27. Koyré, A. 1957. From the closed world to the infinite universe. Baltimore: Johns Hopkins University Press.Google Scholar
  28. Kusch, M. 2015. Scientific pluralism and the chemical revolution. Studies in History and Philosophy of Science 49: 69–79.CrossRefGoogle Scholar
  29. Ladyman, J. 2011. Structural realism versus standard scientific realism: The case of phlogiston and dephlogisticated air. Synthese 180(2): 87–101.CrossRefGoogle Scholar
  30. Lindberg, D.C. 1990. Conceptions of the scientific revolution from Bacon to Butterfield: A preliminary sketch. In Reaprraisals of the Scientific Revolution, ed. D.C. Lindberg, and R.S. Westman, 1–27. Cambridge: Cambridge University Press.Google Scholar
  31. McEvoy, J. 2010. The historiography of the chemical revolution: Patterns of interpretation in the history of science. London: Pickering and Chatto.Google Scholar
  32. Musgrave, A. 1976. Why did oxygen supplant phlogiston? Research programmes in the chemical revolution. In Method and appraisal in the physical sciences. The critical background to modern science, 1800–1905, ed. C. Howson, 181–210. Cambridge: Cambridge University Press.Google Scholar
  33. Pomata, G. 1998. Close-Ups and long shots. Combining particular and general in writing the histories of women and men. In Geschlechtergeschichte und allgemeine Geschichte. Herausforderungen und Perspektiven, ed. H. Medick, and A.-C. Trepp, 99–124. Göttingen: Wallstein.Google Scholar
  34. Porter, R. 1986. The scientific revolution: A spoke in the wheel? In Revolution in history, ed. R. Porter, and M. Teich, 290–316. Cambridge: Cambridge University Press.Google Scholar
  35. Roth, P.A. 1988. Narrative explanations. The case of history. History and Theory 27(1): 1–13.CrossRefGoogle Scholar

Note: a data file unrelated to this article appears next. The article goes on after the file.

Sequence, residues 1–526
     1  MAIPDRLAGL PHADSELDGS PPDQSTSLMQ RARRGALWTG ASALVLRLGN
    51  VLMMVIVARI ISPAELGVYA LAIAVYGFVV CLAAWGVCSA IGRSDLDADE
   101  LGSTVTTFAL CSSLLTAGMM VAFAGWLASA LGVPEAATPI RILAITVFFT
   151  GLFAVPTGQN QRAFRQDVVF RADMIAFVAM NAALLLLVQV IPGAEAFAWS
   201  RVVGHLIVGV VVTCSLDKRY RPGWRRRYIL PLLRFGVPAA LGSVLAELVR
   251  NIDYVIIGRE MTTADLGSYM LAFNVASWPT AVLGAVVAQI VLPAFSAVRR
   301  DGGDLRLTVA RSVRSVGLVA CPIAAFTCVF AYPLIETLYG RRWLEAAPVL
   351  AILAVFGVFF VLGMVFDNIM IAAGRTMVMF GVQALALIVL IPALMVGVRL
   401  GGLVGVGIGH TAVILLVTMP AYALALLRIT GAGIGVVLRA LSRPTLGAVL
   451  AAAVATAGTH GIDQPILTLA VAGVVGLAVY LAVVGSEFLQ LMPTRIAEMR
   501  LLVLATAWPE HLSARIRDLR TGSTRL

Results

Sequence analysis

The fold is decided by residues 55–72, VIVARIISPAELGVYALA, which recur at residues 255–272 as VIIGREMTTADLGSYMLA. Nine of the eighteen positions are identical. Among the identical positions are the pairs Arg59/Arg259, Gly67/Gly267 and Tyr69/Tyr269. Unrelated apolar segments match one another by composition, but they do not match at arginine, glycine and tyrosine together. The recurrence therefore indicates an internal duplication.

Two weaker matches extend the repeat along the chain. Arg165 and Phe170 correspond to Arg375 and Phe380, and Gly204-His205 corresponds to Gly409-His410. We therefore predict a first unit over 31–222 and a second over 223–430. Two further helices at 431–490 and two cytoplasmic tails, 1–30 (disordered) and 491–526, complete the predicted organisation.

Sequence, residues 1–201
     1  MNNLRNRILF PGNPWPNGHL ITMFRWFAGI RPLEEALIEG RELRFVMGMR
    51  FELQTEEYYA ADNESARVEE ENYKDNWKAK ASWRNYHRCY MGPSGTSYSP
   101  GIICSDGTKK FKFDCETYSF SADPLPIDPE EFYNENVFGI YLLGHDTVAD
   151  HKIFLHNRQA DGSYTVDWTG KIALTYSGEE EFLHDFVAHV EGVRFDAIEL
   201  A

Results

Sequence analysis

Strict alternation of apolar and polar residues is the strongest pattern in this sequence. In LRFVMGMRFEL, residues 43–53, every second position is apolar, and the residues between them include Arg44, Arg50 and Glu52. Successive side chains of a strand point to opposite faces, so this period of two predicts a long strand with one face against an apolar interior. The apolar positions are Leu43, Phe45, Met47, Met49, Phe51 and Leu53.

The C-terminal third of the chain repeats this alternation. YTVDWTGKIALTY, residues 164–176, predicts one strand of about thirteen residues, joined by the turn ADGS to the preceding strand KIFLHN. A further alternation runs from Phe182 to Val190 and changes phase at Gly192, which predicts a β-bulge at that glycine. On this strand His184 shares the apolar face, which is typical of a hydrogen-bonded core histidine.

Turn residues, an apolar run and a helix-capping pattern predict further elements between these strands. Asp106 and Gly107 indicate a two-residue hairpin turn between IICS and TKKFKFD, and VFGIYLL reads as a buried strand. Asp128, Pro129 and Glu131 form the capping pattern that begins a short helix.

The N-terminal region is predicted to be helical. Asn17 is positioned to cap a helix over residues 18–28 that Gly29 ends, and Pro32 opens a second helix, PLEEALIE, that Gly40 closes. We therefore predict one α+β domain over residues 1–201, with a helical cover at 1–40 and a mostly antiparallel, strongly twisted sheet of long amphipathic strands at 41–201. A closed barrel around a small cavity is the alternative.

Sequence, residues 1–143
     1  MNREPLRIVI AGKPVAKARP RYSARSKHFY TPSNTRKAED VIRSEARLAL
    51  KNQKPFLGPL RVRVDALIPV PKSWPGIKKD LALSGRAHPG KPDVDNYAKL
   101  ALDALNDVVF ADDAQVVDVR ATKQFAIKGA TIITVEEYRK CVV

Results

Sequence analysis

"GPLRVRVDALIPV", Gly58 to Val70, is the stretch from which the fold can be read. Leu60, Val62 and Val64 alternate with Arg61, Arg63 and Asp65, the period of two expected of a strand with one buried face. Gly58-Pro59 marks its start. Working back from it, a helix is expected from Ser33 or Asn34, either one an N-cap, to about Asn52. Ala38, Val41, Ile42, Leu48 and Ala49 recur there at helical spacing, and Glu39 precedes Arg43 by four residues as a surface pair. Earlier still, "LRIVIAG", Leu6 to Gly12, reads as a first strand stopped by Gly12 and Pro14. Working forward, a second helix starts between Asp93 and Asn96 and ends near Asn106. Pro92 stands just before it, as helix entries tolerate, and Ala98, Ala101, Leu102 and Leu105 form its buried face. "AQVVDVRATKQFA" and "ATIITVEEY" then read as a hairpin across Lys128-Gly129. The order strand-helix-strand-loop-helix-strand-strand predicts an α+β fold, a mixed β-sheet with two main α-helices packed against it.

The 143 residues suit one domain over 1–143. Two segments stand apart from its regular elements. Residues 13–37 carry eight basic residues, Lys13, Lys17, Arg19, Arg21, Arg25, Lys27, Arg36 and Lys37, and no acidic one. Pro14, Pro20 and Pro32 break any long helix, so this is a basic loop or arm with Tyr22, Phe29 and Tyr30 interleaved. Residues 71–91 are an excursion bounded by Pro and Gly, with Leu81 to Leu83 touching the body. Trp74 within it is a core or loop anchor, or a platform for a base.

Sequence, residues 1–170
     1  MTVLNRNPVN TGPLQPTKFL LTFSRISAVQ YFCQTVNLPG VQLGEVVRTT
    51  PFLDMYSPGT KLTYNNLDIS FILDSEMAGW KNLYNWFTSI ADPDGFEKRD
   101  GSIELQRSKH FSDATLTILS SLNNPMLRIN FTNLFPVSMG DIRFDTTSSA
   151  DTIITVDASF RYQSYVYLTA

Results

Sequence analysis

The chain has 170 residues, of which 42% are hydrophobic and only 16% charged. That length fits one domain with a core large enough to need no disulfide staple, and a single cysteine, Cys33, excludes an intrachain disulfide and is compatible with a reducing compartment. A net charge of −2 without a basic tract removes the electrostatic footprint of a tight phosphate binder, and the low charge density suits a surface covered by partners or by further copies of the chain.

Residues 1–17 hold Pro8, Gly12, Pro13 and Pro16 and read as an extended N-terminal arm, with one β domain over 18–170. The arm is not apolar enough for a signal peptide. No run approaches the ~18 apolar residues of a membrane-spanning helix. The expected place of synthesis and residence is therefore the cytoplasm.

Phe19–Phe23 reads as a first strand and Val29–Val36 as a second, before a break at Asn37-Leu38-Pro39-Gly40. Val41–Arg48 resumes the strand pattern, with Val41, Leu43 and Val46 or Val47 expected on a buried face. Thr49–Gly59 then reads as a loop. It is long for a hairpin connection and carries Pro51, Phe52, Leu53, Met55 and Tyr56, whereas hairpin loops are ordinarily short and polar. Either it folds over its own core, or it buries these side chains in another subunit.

36. Sapp, J. 1990. The nine lives of Gregor Mendel. In Experimental inquiries: Historical, philosophical and social studies of experimentation in science, ed. H. Le Grand, 137–166. Dordrecht: Kluwer.Google Scholar
  37. Secord, J.A. 1993. Introduction to ‘The Big Picture’. The British Journal for the History of Science 26(4): 387–389.CrossRefGoogle Scholar
  38. Shapin, S. 1998. The scientific revolution. Chicago, London: University of Chicago Press.Google Scholar
  39. Tosh, N. (2003). Anachronism and retrospective explanation. In Defence of a present-centered history of science. Studies in the History and Philosophy of Science 34(3): 647–659.Google Scholar
  40. van Fraassen, B.C. 2008. Scientific representation. Paradoxes of perspective. Oxford: Clarendon Press.CrossRefGoogle Scholar
  41. White, H. 1973. Metahistory. The historical imagination in nineteenth-century Europe. Baltimore, London: Johns Hopkins Press.Google Scholar
  42. White, H. 1978. The historical text as a literary artifact. In The writing of history. literary form and historical understanding, ed. R.H. Canary, and H. Kozicki, Madison: University of Wisconsin Press.Google Scholar
  43. White, H. 1980. The value of narrativity in the representation of reality. In The content of the form. Narrative discourse and historical representation, 1–25. Baltimore: Johns Hopkins University Press.Google Scholar
  44. Yates, F.A. 1964. Giordano Bruno and the Hermetic tradition. Chicago: University of Chicago Press.Google Scholar

Copyright information

© Springer International Publishing Switzerland 2016

Authors and Affiliations

  1. 1.Institut für PhilosophieUniversität WienViennaAustria

Personalised recommendations